Forest Plan Revision

This is the cover for the Forest Plan Revision


Forest Planning = City Zoning

  • Forest Plans similar to zoning requirments (i.e., which sections will be residential, industrial, or commercial)
  • Plan may also contain city-wide rules, broad application but not specific to every house
  • Forest Plans are broad and programmatic
  • Site-specific decisions within the broad framework will be made later

Decisions Made in a Forest Plan

  • Forest-wide goals and objectives
    • Goal: A concise statement that describes a desired condition to be achieved sometime in the future.
    • Objective: A concise time-specific statement of measurable planned results that responds to a goal.
  • Forest-wide standards and guides
    • Standards: A required course of action designed to achieve goals and objectives.
    • Guidelines: A preferred course of action designed to achieve goals and objectives.
  • Management area delineations and management direction
    • Management areas are specific locations on the Forest.
    • Direction defines how the area will be managed by incorporating goals and objectives with a desired future condition.
    • Desired future condition will explain biological, physical and social conditions for that area.
  • Identification of lands not suited for timber production
  • Monitoring and evaluation requirements
  • Recommendation for official designation of wilderness
    • Draft inventory of unroaded and undeveloped lands on the Uinta National Forest

Why Revise a Forest Plan?

  • Laws and Regulations require revision every 10-15 years
  • Changes in community and natural environment prompt re-examination of previous assumptions and decisions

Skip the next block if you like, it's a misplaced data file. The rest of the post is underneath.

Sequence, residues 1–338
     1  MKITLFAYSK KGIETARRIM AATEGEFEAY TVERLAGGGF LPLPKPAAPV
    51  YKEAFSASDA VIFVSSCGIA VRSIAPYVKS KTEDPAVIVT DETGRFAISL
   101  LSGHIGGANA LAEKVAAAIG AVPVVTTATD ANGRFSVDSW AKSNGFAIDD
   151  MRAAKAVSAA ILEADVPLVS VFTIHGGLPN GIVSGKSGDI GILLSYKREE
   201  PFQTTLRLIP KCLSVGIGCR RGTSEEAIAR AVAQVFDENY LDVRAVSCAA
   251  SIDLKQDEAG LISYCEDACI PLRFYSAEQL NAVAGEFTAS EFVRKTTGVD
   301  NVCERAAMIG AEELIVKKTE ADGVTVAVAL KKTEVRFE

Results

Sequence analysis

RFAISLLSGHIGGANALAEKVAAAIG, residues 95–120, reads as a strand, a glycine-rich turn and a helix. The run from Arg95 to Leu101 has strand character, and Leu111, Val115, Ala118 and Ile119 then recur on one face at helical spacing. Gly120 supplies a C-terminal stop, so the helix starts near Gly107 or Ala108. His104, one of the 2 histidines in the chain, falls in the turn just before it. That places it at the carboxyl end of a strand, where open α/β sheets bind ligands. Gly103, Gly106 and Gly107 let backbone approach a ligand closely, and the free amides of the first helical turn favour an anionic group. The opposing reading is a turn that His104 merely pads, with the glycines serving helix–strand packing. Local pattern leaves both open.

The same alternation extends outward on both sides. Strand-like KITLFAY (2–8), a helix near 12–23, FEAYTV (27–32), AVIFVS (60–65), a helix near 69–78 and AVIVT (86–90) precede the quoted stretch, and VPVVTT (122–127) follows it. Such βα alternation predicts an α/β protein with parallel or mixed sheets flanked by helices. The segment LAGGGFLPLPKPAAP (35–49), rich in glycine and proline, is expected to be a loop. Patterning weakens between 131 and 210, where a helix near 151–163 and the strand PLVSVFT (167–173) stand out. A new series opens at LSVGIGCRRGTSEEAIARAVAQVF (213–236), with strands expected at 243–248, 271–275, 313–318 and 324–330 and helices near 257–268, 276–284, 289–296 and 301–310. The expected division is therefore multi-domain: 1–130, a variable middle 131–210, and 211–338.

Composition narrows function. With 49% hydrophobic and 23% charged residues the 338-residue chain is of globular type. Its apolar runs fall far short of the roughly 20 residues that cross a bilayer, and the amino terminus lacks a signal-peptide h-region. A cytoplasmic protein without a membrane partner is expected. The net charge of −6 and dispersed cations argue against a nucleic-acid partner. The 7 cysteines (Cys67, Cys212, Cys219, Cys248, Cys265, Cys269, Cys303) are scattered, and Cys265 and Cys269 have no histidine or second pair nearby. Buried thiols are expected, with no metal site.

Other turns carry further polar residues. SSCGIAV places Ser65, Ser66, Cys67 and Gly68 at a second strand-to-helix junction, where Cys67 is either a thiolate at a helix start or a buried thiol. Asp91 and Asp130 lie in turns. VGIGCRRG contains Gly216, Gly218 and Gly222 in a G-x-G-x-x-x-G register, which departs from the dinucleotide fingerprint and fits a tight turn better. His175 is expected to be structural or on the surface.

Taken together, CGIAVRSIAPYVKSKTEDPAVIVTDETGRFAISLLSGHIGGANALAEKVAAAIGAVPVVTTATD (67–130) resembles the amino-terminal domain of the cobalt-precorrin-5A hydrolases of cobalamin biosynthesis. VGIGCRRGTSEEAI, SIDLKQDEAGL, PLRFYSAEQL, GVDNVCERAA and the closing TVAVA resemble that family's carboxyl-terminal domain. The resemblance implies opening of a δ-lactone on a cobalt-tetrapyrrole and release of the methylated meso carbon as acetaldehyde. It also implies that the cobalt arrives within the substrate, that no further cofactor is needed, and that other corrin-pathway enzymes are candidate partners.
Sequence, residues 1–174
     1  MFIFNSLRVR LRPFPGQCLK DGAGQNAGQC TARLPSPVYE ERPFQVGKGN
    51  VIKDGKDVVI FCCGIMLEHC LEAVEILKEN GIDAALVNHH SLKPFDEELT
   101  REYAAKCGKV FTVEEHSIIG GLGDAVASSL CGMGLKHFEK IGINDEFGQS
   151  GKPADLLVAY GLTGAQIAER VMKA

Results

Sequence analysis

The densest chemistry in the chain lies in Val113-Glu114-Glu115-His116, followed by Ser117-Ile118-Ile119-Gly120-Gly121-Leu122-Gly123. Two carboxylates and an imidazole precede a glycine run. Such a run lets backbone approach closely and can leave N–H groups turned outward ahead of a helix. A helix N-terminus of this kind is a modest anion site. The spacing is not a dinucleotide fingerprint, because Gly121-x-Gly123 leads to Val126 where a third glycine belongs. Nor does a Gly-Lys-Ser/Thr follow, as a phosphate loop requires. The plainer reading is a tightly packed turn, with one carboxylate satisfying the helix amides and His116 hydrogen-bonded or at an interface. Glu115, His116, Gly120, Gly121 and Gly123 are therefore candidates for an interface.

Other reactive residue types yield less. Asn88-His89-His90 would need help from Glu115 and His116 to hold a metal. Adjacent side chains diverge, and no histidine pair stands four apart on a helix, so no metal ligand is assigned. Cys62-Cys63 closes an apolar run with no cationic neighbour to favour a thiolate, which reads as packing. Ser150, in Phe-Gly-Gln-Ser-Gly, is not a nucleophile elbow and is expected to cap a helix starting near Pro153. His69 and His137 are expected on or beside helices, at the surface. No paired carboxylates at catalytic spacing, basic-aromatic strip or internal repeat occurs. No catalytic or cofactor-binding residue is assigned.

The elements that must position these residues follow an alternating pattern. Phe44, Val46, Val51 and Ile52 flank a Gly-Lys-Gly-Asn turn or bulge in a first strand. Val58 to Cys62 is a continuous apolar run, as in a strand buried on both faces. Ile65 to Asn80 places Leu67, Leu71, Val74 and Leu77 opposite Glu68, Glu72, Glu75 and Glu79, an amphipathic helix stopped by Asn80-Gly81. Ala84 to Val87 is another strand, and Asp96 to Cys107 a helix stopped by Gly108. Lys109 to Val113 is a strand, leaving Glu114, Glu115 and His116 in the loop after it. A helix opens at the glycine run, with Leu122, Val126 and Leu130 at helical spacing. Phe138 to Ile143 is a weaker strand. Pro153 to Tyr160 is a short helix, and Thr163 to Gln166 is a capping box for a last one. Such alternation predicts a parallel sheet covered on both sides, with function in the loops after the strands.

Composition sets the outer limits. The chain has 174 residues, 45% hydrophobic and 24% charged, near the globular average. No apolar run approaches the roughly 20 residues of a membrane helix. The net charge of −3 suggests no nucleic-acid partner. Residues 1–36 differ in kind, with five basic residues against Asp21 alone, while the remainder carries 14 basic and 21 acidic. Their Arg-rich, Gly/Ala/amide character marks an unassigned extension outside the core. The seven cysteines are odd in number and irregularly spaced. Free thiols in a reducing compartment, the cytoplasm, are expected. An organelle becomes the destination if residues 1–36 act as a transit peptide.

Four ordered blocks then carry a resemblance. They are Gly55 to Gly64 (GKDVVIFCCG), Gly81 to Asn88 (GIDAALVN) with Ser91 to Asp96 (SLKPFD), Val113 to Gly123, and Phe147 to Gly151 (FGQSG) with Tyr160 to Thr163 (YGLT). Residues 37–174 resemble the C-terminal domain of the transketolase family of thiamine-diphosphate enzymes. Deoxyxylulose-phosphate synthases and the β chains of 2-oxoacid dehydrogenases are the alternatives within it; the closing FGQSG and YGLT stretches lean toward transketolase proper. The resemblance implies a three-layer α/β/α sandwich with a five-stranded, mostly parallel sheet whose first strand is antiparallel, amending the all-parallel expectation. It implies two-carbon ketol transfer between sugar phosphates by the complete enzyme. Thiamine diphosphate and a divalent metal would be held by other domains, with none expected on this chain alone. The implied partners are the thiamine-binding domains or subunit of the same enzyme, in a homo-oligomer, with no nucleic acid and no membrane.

• Like an aging house we need to maintain, repair or replace the most critical items first and then other less critical items as time and budget allow
  • Federal mandates, critical monitoring or public concerns first
  • Continuous Assessment Planning (CAP) follow-up on additional items over time

Coordination with our Neighbors

  • Adjacent Forests: Wasatch-Cache, Ashley and Manti-La Sal
    • Coordinated planning and studies
    • Unique planning and studies
  • Other adjacent landowners, federal agencies, tribal governments, state, counties, cities and private
    • Concurrent planning efforts
    • Common issues
    • Compatibility

The First Step in Forest Plan Revision

  • Analysis of Mangement Situation
    • Review need for change based upon monitoring and analysis
  • Public involvement throughout the revision process
    • Formal scoping begins September 1999 with the issuance of the Notice of Intent

How You can Get Involved in the Forest Plan Revision

  • Public understanding and contributions are critical to a successful Forest Plan Revision
    • Get involved now, if you are not on our mailing list return a copy of the interest card
    • Prior to the Draft Plan and Draft EIS
    • Between the Draft and Final
    • Continuously and often
  • Methods - How you best interact with us and vice-versa?

 When will the Forest Plan Revision be Complete?

  • False starts, 1998 Appropriations Act stopped all new revisions
  • 1999 Appropriations Act directed the Uinta and 12 other Forests to begin this year to meet the 15 year deadline
  • Milestones
    • Analysis of the management situation - August 1999
    • Formal scoping begins - September 1999
    • Draft Revision Plan and Draft EIS - 2000
    • Final Revision Plan and EIS - 2001

Meet the Planning Team

Forest Supervisor - Pete Karp
Forest Planner - Reese Pope
Public Involvment - Loyal Clark
Team Leader - Marlene DePietro
Writer/Editor - Andi Bauer
Landscape Architect - Dave Christensen
Biological Scientist - Robbie McAboy
Social Scientist - Barbara Ott